In recognizing protesters as “Person of the Year,” TIME magazine featured a photo of my favourite columnist: Javier Sicilia, the 56-year-old Mexican poet and journalist who writes for Mexico’s leading newsmagazine, Proceso.

I haven’t read TIME since I was in high school, but I was so pleased that I spent $6.48 to buy a copy in the Houston airport while travelling to Mexico.

But the tiny description of Sicilia that accompanied his photograph was disappointing: “Mexican poet Javier Sicilia, who organized a movement against crime and corruption after his son was killed by drug traffickers.” That, plus a quote: “I only did what my heart was telling me to do. It was a great surprise to me to see the national response.”

TIME’s online service has more information about the man who has found himself leading a new social movement that confronts crime and corruption, and questions the logic of the so-called “War on Drugs.” But I want to say more here about his journalism.

Proceso

One of the small joys for me in coming back to Mexico each December is to get my hands on copies of the Proceso newsmagazine. I read some articles on-line, but I love to touch the pages of this well-edited and beautifully-illustrated newsmagazine.

Proceso is published weekly. A newsmagazine for readers who like to challenged rather than comforted, Proceso covers events in Mexico and the world, and provides excellent analysis and coverage of arts and sports. Its founders include a Jesuit priest and a newspaper editor who escaped the stranglehold of government and big-business on Mexican media in the mid-70s.

A friend in rural Chiapas, knowing that I like Proceso, offered me the dozen or so copies he had collected over the past year, along with a stack of old copies dating back to about 1999.

I set TIME aside and tried to catch up on what is going on in Mexico through the pages of Proceso, with special attention to what Javier Sicilia has been writing about.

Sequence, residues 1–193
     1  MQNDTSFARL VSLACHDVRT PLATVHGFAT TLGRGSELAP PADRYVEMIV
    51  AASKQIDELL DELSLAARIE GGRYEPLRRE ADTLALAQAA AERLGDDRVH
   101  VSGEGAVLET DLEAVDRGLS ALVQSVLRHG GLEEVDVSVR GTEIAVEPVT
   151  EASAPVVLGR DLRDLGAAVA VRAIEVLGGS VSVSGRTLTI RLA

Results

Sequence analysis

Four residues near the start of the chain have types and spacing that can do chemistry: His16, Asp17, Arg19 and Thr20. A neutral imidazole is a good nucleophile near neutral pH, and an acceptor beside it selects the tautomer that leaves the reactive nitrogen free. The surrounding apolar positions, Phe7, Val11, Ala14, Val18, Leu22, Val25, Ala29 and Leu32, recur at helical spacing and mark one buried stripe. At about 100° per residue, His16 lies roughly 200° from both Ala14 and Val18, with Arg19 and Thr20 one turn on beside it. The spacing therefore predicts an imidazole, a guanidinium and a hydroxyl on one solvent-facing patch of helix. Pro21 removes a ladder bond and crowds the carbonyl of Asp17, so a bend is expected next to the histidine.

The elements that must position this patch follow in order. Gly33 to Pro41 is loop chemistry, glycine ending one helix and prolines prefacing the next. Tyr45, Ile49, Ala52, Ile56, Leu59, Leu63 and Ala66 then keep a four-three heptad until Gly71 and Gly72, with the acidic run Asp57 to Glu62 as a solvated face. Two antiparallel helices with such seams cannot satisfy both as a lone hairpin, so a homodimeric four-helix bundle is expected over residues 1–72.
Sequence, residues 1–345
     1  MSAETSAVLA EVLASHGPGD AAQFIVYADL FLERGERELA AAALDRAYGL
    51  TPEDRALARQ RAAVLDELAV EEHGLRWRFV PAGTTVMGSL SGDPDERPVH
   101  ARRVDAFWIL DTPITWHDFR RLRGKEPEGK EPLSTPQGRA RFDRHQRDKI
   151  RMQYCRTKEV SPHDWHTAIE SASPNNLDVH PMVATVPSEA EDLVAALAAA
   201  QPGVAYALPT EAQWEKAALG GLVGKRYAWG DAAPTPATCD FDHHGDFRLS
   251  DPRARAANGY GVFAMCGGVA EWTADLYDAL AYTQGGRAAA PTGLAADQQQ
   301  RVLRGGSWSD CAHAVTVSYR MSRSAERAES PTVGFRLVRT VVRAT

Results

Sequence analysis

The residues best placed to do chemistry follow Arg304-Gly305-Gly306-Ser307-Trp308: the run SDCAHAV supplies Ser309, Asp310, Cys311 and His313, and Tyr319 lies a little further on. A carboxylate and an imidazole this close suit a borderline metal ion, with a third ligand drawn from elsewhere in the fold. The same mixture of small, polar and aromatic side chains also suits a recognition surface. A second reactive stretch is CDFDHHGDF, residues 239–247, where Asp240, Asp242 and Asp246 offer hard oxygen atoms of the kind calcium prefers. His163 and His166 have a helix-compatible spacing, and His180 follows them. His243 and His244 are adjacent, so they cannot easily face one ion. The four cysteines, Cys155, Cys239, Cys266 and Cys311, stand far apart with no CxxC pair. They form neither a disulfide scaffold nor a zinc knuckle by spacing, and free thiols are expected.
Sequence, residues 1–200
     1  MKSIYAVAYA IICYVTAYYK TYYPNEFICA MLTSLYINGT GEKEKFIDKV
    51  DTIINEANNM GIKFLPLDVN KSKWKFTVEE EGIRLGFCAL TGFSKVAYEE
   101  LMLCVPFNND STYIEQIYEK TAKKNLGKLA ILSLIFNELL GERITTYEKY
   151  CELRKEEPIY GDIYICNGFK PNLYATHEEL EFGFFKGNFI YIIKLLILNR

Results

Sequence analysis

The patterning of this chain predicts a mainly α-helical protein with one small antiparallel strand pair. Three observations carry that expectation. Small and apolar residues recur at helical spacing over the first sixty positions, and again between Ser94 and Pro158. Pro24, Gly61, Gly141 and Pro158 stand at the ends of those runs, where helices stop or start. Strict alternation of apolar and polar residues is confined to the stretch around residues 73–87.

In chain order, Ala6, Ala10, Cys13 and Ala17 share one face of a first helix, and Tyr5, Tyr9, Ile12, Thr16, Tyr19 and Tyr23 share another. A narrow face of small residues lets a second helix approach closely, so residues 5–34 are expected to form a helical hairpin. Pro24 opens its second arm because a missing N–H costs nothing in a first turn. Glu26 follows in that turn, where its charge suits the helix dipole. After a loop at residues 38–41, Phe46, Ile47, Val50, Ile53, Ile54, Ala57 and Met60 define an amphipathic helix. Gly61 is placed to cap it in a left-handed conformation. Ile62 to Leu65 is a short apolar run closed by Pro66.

On March 27, his 24-year-old son Juan Francisco was murdered, along with six other people, in Cuernavaca (the city I lived in for six years in mid and late 90s).

“We’re fed up”

As he tried to get Mexico’s calcified justice system to investigate, Sicilia and a handful of supporters called on Mexicans to take to the streets to demand a new approach to the “war” strategy that is used against drug-traffickers so that other parents would not lose their children. On April 6, he led the largest march ever seen in Cuernavaca. He and his supporters occupied the plaza in front of the Morelos state government building. On May 5, they began to walk the 80 km (over the Continental Divide, altitude 3,100 metres) to Mexico City, arriving there May 8. Since then, there have been caravans to the north, all the way to Ciudad Juárez (the Mexican city perhaps most afflicted by violence) and to southern Mexico where despite the poverty and repression (or perhaps because of them), communities are well-organized in networks of Indigenous people, farmers, women, and human rights defenders. All of this has come together as Mexico’s Movement for Peace with Justice and Dignity—and it too has its martyrs: supporters in the troubled Pacific coast states of Michoacán and Guerrero  have been targeted.

With more than 50,000 murders since President Felipe Calderón declared “war” on drug cartels in December 2006, Sicilia’s protest struck a chord with Mexicans who are fed up (“estamos hasta la madre,” says Sicilia) with politicians and criminals. A few days ago, he said the 2012 federal election is a choice among cartels tacitly aligned with different parties.

Sicilia is a lay Catholic, strongly motivated by Sergio Mendes Arceo (a former bishop of Cuernavaca known for his solidarity with progressive social movements) and Ivan Illich (the Austrian priest and educator who also lived and worked in Cuernavaca). Sicilia’s Proceso columns are rooted in gospel values, the best of Catholic social teaching and solidarity with those who suffer.

I’ll share some of Javier Sicilia’s thoughts in another post soon.

 

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